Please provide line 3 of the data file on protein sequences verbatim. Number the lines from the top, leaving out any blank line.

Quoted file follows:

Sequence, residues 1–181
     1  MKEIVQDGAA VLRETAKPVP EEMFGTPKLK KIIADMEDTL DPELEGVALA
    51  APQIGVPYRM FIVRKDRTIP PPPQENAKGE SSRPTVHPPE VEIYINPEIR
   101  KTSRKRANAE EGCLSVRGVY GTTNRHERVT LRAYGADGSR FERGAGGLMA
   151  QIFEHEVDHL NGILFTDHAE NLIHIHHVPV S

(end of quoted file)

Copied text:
    51  APQIGVPYRM FIVRKDRTIP PPPQENAKGE SSRPTVHPPE VEIYINPEIR